How do I add an aged look to an axe or sim­i­lar weapon?

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An­swer Tony replies

Be­fore you can paint an old, worn bat­tleaxe, you’re go­ing to have to de­sign a new one. As al­ways, spend some time look­ing at de­signs from the time pe­riod you’re work­ing from – un­less it’s fan­tasy, of course, in which case just look at ev­ery­thing. Your work­flow should start with the axe de­sign, then fig­ur­ing out a com­po­si­tion. Once you’ve got the com­po­si­tion, de­cide on your light­ing and then fi­nally paint and wear down the weapon. Use a per­spec­tive grid to make sure ev­ery part of the axe that should be sym­met­ri­cal is ac­tu­ally sym­met­ri­cal.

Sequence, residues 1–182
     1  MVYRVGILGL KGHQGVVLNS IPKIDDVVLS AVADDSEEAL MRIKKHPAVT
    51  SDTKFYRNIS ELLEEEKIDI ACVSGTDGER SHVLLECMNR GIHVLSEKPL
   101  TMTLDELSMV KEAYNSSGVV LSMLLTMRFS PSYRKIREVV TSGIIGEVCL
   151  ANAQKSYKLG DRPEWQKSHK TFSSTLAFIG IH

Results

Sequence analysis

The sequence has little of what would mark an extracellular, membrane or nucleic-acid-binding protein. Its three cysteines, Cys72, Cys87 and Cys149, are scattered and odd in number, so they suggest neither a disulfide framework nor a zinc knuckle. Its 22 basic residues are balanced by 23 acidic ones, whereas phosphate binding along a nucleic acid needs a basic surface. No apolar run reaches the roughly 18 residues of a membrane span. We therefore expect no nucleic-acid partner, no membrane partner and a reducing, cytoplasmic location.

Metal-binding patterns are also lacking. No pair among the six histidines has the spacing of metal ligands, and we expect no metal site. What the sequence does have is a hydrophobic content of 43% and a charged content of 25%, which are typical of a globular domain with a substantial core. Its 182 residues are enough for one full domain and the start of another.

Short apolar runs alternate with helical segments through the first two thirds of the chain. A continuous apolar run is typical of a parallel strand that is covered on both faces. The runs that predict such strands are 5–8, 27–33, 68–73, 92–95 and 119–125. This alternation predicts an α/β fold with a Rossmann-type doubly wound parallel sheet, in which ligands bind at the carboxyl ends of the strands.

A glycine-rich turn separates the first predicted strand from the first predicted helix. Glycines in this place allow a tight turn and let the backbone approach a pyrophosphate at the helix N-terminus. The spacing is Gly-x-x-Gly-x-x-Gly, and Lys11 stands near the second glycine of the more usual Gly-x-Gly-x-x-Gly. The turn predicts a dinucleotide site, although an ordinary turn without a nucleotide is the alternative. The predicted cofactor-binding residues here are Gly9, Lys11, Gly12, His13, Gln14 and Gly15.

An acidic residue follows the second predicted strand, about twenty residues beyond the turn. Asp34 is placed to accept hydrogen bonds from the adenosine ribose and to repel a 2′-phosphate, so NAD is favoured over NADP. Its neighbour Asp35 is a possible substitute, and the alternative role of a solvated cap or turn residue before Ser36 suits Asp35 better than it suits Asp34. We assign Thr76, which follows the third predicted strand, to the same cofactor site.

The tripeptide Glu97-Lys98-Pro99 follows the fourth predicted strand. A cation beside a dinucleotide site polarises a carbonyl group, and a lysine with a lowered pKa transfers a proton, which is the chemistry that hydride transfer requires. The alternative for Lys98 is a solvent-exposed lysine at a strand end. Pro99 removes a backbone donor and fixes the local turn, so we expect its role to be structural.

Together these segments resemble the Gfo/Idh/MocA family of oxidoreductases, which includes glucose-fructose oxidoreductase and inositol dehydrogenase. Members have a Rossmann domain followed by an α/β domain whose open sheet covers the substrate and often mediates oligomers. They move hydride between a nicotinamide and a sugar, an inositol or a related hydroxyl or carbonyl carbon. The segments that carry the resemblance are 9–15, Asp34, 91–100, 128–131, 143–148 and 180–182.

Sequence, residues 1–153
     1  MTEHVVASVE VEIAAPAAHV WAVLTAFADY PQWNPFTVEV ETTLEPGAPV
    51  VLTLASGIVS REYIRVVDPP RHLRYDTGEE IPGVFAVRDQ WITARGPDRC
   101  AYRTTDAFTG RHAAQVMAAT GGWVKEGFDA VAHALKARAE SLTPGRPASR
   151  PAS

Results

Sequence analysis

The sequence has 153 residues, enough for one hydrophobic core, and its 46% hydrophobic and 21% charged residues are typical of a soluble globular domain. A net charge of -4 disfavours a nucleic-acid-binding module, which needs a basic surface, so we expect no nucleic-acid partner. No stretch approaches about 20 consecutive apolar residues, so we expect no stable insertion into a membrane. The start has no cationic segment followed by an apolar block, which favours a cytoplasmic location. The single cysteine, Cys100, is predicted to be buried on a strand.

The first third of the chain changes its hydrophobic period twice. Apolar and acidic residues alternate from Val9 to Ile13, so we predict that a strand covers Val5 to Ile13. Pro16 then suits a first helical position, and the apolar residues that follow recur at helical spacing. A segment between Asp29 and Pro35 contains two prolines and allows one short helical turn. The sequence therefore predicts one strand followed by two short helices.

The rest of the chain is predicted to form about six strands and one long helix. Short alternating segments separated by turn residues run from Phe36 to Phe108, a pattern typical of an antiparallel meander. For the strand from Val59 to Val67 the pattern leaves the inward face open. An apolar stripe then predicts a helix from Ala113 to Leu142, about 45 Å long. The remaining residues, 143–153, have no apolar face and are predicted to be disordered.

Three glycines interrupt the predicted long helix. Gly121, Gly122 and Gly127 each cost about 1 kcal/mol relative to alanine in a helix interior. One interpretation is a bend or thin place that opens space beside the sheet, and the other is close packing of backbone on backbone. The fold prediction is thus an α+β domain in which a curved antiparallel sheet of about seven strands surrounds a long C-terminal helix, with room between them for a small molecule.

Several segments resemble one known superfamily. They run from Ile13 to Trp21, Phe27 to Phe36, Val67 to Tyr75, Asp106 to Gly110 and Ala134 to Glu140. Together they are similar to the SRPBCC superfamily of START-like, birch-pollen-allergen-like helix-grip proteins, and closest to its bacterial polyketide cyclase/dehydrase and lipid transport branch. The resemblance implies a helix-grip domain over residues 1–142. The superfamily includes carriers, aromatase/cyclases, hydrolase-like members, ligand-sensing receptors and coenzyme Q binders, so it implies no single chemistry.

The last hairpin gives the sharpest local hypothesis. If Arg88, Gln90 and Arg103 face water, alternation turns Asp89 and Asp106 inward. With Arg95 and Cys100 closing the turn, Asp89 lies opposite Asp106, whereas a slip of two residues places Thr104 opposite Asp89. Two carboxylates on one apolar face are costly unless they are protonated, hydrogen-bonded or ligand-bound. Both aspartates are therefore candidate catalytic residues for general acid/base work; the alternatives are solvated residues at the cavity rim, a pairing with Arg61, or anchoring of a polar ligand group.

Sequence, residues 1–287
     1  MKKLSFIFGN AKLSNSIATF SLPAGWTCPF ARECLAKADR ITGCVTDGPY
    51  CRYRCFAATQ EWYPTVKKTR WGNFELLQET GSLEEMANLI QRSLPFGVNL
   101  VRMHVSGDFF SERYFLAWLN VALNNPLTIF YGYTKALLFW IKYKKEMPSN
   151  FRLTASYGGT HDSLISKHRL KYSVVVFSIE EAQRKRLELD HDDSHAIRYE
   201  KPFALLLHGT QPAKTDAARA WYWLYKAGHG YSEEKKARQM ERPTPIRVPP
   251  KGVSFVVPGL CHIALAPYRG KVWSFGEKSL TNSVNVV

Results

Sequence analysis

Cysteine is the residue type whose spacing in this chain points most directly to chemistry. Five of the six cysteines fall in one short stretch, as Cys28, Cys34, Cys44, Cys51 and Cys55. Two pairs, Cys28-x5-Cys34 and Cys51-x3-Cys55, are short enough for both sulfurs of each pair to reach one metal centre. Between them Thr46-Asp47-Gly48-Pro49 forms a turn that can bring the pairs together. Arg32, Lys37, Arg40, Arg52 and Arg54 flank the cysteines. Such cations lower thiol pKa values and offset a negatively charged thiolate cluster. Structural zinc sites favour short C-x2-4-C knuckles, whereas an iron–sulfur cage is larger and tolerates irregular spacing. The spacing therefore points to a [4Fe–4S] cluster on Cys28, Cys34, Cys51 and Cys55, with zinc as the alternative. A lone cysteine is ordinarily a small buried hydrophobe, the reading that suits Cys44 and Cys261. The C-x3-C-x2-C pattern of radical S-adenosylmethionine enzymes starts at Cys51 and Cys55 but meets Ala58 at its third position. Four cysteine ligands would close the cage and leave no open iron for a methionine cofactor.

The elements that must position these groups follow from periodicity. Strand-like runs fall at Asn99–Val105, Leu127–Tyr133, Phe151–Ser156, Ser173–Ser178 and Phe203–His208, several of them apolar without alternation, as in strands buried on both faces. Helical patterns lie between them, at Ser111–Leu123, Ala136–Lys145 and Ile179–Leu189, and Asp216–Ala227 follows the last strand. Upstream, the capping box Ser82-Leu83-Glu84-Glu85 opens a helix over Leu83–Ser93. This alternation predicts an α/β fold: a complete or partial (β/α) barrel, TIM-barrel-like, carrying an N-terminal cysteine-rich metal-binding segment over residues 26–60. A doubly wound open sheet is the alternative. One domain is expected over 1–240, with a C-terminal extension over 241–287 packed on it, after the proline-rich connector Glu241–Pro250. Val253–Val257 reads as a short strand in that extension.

When you do start sketch­ing the blade and em­bel­lish­ments, just fo­cus on one half and copy it over. This is es­pe­cially use­ful with lit­tle de­sign mo­tifs on the blade, which can be hard to match up. You can then copy this layer and drag it down a few pix­els to cre­ate the bot­tom plane of the axe, con­trol­ling thick­ness with dis­tance.

Once your sketch is done, you can get down to paint­ing. Sil­ver metal (and any colour that’s close to neu­tral) will tend to take on the hue of the sur­round­ings. En­sure what­ever colours dom­i­nate the back­ground are also in the axe. Chips in the blade and scratches along the sur­face im­ply pre­vi­ous bat­tles. Spots of rust can show age and give you places to change up the tex­tures a bit. Keep adding on the wear and tear un­til you feel there’s too much, then start trim­ming it back.

You can also use the back­ground to ex­plain more about why the weapon is in such a state of dis­re­pair.

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